On Tuesday, January 9, 2001, your affiant met with the proven credible and reliable source of information who within the past 72 hours has observed a quantity of crack cocaine stored inside [the Tracy residence]. The informant overheard conversations about crack cocaine, weights, and prices and was present when crack cocaine was purchased at the residence. The crack cocaine is being sold from the residence by Maurice Johnson, who does not reside at this residence, but frequents this residence with friends and relatives. Your affiant and other agents have conducted surveillance on this residence and have observed numerous vehicles, as many as six or eight at a time at the residence, some of which would stay for only short periods of time. Some of the vehicles which were observed by your affiant to come and go from the residence are known to your affiant to have a history of drug charges. . . . This confidential reliable informant is a creditable source of information who has proven reliable in the past and by facts contained in this affidavit. This informant has conducted at least four (4) controlled purchases of narcotics for your affiant which all have led to successful discovery.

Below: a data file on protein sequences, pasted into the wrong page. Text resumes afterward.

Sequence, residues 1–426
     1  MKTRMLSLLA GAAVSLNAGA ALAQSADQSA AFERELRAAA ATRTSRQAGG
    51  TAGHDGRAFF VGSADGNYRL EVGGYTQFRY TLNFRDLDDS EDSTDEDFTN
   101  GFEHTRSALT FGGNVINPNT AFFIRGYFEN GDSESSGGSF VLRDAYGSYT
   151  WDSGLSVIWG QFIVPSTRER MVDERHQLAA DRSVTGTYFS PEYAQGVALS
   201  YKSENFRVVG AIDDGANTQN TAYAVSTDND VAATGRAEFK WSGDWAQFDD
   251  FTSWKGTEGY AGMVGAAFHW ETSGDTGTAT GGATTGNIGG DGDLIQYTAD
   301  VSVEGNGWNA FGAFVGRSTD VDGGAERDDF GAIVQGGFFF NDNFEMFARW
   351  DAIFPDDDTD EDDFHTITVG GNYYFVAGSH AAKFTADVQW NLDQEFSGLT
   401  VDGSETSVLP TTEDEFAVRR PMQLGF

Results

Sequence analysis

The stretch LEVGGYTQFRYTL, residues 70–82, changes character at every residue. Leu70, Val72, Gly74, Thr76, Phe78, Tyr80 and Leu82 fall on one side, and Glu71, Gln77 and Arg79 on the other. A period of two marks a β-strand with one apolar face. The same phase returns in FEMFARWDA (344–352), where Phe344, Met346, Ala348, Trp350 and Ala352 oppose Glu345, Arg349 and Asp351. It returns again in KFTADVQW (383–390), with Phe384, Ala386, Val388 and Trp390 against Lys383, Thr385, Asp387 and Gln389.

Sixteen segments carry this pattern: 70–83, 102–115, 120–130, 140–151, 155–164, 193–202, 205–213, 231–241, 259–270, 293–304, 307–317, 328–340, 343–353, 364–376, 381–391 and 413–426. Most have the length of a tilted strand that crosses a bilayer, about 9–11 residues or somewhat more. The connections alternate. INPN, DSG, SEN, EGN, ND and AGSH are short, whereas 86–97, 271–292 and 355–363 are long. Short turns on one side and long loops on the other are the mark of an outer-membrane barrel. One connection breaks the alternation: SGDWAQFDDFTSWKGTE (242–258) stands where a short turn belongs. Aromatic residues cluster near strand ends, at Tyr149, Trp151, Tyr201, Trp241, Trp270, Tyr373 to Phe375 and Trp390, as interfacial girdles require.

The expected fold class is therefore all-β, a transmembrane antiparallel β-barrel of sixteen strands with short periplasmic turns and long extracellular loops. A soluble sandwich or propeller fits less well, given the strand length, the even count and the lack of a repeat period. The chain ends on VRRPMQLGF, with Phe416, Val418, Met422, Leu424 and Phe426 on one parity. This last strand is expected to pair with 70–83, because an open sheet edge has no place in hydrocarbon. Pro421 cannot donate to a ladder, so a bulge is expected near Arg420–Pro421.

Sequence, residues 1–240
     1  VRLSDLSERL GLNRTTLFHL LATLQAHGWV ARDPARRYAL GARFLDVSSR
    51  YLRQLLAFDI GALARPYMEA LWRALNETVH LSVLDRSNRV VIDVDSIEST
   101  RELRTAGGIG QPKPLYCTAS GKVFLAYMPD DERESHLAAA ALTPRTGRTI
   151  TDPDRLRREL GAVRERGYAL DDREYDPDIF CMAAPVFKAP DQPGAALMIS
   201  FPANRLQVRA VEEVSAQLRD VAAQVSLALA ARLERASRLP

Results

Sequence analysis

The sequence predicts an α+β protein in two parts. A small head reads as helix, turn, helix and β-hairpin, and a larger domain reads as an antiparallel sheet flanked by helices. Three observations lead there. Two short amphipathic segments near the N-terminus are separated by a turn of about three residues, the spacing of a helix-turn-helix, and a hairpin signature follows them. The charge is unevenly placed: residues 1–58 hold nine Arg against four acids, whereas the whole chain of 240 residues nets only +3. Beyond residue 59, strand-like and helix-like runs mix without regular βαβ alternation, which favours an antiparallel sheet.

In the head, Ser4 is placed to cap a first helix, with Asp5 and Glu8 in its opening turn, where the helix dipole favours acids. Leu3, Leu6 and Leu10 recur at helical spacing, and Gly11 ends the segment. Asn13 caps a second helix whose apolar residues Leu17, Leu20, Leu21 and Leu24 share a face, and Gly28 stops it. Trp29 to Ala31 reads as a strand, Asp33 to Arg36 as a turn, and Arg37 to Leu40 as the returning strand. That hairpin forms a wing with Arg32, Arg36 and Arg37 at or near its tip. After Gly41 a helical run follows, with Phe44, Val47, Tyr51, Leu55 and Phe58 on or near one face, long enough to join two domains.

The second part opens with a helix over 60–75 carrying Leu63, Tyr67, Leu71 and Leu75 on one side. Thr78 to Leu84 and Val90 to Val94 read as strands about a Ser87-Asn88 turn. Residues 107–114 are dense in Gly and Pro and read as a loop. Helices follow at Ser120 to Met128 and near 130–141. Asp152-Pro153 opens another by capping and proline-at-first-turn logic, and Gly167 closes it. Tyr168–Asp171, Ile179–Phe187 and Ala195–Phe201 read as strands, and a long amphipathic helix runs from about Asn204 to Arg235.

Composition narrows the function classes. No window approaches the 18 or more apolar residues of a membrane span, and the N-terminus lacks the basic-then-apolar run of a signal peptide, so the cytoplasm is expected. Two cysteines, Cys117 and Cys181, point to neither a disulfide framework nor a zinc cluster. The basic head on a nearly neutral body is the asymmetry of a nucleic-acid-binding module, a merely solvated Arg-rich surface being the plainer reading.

This statement of facts was followed by a listing of evidence to be seized, including drugs.